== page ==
Your Scholarship Essay – Give Them What They Want – But Do It Your Way

Scholarship essays can be a frustration for many applicants. But if you learn some simple principles and follow these guidelines, you will write a better essay and enhance your chances of scholarship success. Your essay may be the determining factor in whether you get a scholarship or one of the other applicants does, so make your efforts worthwhile and let them work for you.

Principles And Guidelines To Follow:

Keep It Simple: Don’t try to use big, fancy or sophisticated words if short, simple, easy to understand ones will get your point across. Unless your essay is for a highly technical or English comprehension type of scholarship, do your best to eliminate complicated words because they may actually work against you if their meaning is misinterpreted or not understood. Scholarship selection committees are usually intelligent, but normal individuals and they are not looking for your vocabulary to impress them. They are looking for your character, knowledge and personality to shine through and that is usually easiest if you keep it simple.

Brevity: It is a truly a skill to get your point across in the shortest way possible. If you are given a topic or a question to answer, answer it in as few words as possible. One way to do this is to write your essay as quickly as possible, then go back and read it. Next read it again and ask yourself these questions. “Do I really need this sentence to get my point across?” and “If I cut this part, will It still make sense?” If the answer to either indicates it should go, cut it. If there is a minimum word count requirement, make sure that you meet it, but just barely. Don’t get long-winded.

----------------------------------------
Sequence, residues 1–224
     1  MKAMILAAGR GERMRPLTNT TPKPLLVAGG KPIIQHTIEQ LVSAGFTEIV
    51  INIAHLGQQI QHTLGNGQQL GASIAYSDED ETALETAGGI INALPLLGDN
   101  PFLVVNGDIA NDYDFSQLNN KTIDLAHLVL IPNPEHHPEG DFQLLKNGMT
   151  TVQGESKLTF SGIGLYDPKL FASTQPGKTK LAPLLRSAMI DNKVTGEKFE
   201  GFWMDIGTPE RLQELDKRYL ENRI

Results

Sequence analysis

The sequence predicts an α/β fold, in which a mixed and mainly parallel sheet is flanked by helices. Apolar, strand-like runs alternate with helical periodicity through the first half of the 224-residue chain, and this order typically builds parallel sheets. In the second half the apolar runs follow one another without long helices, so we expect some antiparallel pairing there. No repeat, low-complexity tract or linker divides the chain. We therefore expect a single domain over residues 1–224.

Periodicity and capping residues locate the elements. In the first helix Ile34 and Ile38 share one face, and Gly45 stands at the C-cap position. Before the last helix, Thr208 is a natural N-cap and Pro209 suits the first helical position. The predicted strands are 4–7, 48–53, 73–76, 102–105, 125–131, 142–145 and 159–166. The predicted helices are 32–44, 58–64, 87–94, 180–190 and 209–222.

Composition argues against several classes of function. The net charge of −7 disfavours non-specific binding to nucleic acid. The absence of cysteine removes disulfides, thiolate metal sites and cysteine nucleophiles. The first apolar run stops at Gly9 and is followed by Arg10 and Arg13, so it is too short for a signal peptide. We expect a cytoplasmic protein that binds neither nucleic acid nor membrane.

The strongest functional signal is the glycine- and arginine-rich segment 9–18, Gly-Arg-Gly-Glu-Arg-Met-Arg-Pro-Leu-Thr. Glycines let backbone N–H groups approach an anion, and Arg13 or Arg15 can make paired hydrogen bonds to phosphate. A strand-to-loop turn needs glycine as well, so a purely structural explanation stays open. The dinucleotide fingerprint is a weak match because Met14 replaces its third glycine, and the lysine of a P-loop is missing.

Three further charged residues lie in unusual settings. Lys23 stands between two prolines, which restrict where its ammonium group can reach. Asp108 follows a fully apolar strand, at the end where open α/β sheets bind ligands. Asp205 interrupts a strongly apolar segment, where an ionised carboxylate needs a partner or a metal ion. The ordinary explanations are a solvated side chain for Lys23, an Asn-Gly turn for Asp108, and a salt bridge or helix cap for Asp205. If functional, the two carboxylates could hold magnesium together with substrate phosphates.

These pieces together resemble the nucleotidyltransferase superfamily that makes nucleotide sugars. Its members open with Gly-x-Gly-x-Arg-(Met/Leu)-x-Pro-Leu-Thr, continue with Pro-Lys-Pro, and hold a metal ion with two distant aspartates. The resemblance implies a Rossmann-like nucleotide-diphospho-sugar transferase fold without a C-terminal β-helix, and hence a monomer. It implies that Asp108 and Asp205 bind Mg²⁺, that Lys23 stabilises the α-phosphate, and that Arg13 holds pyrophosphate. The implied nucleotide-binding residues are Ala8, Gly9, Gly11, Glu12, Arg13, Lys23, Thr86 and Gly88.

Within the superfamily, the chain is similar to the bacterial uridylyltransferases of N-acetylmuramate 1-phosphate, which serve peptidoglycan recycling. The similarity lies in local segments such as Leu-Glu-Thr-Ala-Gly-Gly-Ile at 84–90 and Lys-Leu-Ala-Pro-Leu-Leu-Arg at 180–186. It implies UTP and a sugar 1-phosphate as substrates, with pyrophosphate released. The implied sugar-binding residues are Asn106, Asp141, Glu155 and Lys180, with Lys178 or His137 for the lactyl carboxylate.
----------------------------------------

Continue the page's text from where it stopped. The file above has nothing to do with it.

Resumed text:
Write As You Speak: When you are writing your essay, talk to yourself and write as though you were dictating the essay in your own words. Talk to the readers (aka: scholarship selection committee) as if they were sitting across from you and asking you a question. The best part about this is that they are not actually there, so you can go back and edit your first draft to make sure that it is complete and addresses every point that you want to get across. Once you have it ready, read it again out loud to a family member, friend or favorite teacher.

Summary: An essay can make or break your efforts. Give the selection committee what it wants and make sure that the “real you” shines through. If you do this for every scholarship essay, your efforts will be rewarded and your writing will continue to get easier and better the more that you practice these principles.